“Listen to your software, when it’s calling for you”

Anyone with a penchant for late 80’s pop power ballads will recognise my reference here to the smash hit record “Listen to your Heart” by the abundantly talented Swedish pop duo, Roxette. A song that that steadily builds momentum, scales rarely experienced heights of melodic seduction, and fully captivates its listener — even over repeated plays — for a total of 5 minutes and 28 seconds (album version). A songwriting masterclass if, of course, you like that sort of thing (I do).

But, I’m afraid this post isn’t about Roxette, or pop power ballads.

In my many years experience building software systems, I’ve discovered a necessity to engage in a two-way conversation with code and architecture. I’ve noticed that there’s a natural tendency to think of, for example, coding as a one-way conversation, the human being communicating a set of instructions to the computer, informing it of how it should behave in any given circumstance. Whilst we do have highly functional integrated development environments (IDEs) to provide interactive feedback, we generally think of ourselves as telling the computer what to do, without explicitly acknowledging it saying anything back to us (of course, it’s a different story at runtime).

it’s quite natural to think of coding as a one-way conversation

What do I mean by a two-way conversation, then? It’s pretty simple, really. I like to make believe that a piece of code, a unit test, an architecture diagram etc. is a living, breathing entity, that’s desperately trying to communicate back to me, the rather hapless human being who mistakenly thinks he knows everything. I reason that I’m not the one in sole control here — I need to allow my seemingly inanimate counterpart to have an equal say, some control back over me. I recognise that this living and breathing entity speaks a different language to me, and that it takes time for me to learn to translate — then understand — what it’s trying to tell me. Of course, these are very frustrating circumstances for this intangible messenger, and it evokes the feeling my baby daughter must get when she has no way of explaining to me why she’s crying. But, that’s every reason to sympathise, to prioritise the need to understand.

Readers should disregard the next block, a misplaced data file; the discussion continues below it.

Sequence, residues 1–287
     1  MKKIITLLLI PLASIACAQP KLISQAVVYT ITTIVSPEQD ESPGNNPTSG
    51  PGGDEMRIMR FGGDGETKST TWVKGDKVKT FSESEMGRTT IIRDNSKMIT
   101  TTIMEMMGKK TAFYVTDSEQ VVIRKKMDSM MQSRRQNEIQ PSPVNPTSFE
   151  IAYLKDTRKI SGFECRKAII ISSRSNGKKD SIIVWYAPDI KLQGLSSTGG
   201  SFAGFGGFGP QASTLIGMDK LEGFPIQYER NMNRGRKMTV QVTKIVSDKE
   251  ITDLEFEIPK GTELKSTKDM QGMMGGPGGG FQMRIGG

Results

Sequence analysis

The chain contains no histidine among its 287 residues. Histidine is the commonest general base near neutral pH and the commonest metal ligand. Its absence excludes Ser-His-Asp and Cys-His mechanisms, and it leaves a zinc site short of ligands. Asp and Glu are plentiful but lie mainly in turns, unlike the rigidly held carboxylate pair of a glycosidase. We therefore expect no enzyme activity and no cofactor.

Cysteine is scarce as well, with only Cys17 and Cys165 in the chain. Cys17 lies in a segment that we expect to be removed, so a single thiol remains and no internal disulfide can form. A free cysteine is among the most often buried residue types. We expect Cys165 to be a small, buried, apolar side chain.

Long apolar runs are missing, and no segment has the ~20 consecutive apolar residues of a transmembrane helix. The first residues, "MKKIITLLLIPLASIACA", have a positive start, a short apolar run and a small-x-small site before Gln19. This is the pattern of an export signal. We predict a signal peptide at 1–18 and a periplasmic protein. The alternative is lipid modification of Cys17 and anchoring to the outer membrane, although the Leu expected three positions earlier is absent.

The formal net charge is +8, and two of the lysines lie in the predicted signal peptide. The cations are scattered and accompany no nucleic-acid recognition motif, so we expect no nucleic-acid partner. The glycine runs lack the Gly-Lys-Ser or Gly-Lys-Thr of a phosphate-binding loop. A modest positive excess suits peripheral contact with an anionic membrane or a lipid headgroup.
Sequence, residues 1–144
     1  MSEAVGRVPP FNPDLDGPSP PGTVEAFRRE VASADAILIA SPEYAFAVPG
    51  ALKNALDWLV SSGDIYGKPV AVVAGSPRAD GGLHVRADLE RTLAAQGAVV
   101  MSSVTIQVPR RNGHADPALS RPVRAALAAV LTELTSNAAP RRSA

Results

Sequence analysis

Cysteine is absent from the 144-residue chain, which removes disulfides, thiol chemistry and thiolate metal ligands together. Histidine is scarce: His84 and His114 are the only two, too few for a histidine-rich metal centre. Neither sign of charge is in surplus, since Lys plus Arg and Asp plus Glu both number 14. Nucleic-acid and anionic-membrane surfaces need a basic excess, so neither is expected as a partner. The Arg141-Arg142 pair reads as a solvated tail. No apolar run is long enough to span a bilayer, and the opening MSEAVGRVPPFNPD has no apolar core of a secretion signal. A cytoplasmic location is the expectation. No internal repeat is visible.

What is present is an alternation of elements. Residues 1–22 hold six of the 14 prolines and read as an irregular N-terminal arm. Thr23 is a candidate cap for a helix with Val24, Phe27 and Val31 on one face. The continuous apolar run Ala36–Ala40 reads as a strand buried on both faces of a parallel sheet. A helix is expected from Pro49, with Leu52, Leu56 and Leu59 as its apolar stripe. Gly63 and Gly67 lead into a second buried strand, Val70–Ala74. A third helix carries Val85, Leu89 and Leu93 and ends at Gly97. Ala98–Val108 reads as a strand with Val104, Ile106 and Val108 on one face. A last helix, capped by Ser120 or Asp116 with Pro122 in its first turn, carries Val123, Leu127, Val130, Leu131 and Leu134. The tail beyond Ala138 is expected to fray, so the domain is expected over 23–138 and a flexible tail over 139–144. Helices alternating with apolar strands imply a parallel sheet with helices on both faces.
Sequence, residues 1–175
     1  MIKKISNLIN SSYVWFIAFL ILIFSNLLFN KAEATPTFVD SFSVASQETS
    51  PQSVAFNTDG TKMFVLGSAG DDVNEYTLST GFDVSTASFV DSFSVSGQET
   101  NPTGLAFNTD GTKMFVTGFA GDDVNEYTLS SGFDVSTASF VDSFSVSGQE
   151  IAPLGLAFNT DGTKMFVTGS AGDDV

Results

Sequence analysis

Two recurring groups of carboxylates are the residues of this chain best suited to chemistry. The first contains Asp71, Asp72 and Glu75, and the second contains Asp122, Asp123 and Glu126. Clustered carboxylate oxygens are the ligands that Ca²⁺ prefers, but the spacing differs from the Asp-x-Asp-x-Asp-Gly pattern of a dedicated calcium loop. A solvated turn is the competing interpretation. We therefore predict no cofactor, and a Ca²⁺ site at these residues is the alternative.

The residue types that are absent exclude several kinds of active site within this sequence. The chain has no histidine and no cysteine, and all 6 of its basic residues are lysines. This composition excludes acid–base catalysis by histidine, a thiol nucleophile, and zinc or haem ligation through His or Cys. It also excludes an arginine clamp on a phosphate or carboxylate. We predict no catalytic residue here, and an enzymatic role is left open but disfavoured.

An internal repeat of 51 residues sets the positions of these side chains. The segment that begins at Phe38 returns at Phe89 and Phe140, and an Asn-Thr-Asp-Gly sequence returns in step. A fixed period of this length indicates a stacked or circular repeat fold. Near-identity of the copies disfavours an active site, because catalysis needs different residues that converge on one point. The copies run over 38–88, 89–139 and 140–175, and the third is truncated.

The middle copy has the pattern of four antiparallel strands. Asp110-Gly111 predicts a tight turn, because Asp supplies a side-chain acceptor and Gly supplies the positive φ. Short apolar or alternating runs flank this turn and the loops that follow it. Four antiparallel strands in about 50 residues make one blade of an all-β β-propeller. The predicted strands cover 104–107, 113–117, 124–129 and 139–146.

When I look at a piece of code, a diagram, I try to open my mind to what it’s trying to tell me. Is there a message hidden in the detail that’s reaching out to me? Is that thought in my mind that “this just doesn’t feel right” the catalyst that will lead me towards a new discovery about the problem domain? Consider your thoughts and feelings elicited in the moment to be the voice of your software communicating back to you.

Why should we bother listening? What do we stand to gain? Let me digress a little into discussing something I call the problem solving trap.

I’ve come to the conclusion over the years that excellent problem solving ability can be both a software engineer’s biggest strength, and biggest weakness. Generally speaking, we consider problem solving to be a foundational, pre-requisite skill for software engineers; and it is. However, long-term issues arise when individuals and teams prioritise the mere success of having solved a challenging problem above the holistic impact of the implemented solution.

excellent problem solving ability can be both a software engineer’s biggest strength, and biggest weakness

It’s a rather peculiar thing. When we’re presented with a tricky problem, we’re vulnerable to becoming so absorbed in the need to succeed in solving it that we lose sight of whether we’re really solving it in the ‘right’ way. For a software engineer, the buzz you get from solving problems is the fuel that keeps you going, like a drug. We can easily reach a point where we seek the fruits of the psychological high instead of caring for the correctness — or even usefulness — of the solution. The harder the problem, the more likely we are to succumb to this phenomenon.

Agile teaches us to embrace fast feedback. Our product development process is alive and it’s constantly trying to tell us when things aren’t working well. We just have to make sure we dedicate time trying to make sense of what it’s telling us — that’s why we run Agile Retrospectives. We need to apply a similar lens to the software itself.